Posts for Tag: sea life

Your cousin is calling

Clavelina picta is a tunicate in the subphylum Tunicata, a sister subphylum to the Vertebrata. Humans are members of the subphylum Vertebrata. These simple-looking organisms are marine filter-feeders with a sac-like body structure. These "higher animals" are the first we've seen in the numerous trips we've made to St. John.

Snorkeling The Indians

The bright fish is a blue chromis (Chromis cyaneus) foraging on a reef. Blue chromis are captured and sold for the aquarium trade.  The reef surrounds a group of 4 rock pinnacles that extend and descend the same 50 feet above and below sea level in the British Virgin Islands. The Indians are regarded as one of the best shallow dives in the BVIs. 

Lobster on the hoof

Here's a Caribbean spiny lobster (Panulirus argus) hiding in the protective recess while waiting for the sun to go down before venturing out to forage. These Caribbean lobsters are closely related to the California spiny lobster (Panulirus interruptus) common to the coastal waters off California and Baja California. They are highly prized by fishermen and divers so they rarely live more than 5 to 7 years. Lobsters are thought to live up to 50 years although there is no hard evidence that this is so.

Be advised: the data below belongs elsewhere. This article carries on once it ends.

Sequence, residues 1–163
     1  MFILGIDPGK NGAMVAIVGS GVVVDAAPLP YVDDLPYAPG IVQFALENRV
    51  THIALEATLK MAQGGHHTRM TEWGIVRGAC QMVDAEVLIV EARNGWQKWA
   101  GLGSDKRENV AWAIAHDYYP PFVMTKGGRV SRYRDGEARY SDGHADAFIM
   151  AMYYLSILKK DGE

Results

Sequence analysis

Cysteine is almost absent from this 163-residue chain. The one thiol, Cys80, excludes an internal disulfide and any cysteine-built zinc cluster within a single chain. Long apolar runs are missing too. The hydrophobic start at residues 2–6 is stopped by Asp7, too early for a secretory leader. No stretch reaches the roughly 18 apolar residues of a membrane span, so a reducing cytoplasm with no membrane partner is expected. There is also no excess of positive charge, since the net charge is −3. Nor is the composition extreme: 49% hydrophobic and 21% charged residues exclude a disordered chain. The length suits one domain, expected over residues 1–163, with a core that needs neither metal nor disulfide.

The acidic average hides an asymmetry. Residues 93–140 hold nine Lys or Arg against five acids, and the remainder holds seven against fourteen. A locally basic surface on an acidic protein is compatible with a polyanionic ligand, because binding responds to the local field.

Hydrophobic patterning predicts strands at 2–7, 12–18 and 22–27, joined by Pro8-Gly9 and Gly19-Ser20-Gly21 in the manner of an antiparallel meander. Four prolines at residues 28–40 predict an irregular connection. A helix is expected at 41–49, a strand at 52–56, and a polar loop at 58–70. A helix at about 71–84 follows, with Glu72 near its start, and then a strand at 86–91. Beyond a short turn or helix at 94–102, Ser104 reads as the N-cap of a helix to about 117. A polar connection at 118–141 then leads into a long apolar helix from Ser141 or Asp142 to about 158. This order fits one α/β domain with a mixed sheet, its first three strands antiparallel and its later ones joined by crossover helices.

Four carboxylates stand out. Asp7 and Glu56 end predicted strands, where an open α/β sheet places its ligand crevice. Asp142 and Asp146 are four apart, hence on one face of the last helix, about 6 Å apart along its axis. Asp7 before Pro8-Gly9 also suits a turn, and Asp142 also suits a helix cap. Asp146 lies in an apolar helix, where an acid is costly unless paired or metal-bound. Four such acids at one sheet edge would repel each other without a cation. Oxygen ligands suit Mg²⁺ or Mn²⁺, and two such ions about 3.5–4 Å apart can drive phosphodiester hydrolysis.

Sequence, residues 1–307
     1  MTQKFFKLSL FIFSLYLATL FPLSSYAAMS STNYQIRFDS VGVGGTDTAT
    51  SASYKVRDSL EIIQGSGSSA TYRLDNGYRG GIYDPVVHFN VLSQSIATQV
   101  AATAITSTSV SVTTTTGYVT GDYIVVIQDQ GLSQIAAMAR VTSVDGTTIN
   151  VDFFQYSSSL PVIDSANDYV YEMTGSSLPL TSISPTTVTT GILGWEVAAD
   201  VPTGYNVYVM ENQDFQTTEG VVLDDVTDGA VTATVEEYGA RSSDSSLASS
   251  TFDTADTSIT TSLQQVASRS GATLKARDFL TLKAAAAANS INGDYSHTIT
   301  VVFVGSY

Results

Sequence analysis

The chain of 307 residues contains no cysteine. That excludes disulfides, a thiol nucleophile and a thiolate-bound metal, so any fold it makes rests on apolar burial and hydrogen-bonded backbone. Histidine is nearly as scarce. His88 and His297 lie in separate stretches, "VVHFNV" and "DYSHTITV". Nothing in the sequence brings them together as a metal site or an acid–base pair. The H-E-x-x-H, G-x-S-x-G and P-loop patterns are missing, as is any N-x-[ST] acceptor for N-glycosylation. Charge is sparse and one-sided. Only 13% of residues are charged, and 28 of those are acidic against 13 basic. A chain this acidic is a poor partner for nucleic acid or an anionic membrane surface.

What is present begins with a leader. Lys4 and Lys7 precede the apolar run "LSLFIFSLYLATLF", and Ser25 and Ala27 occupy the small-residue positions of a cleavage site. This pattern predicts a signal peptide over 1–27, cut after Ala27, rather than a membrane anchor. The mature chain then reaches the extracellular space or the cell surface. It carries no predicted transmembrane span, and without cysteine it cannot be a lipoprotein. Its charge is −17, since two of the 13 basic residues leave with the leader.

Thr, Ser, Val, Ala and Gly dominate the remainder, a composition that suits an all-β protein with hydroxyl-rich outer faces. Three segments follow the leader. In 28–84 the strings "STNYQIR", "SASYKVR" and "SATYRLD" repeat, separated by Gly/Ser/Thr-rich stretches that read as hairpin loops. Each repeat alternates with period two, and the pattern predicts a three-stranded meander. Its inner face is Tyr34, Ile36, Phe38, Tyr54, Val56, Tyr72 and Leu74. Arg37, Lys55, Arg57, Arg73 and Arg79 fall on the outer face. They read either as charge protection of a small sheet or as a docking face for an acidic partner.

Caribbean spiny lobsters are also under fishing pressure and are scarce in some areas. This lobster was photographed along a shallow coral reef/rocky shore.  Mass migrations after winter storms have been observed where up to 50 individuals move single-file across open terrain. A common French grunt (Haemulon flavolineatum) swims by above the lobster.

Color, color color!

We saw this brightly colored fish, one that we hadn't seen before, while snorkeling in Little Lameshur Bay on the south coast of St. John. I followed this fish around trying to get a good profile shot of the fish. This was one of about 10 shots I took that shows the bight colors. The predominantly blue with yellow tail and blue stripes is a juvenile of the Queen angelfish; filmed June 17, 2013. 

The larger, predominantly green angelfish above is the adult Queen angelfish (Holacanthus ciliaris); filmed May 29, 2012. There are a number of different adult forms ranging from mostly yellow to blue to the green forms.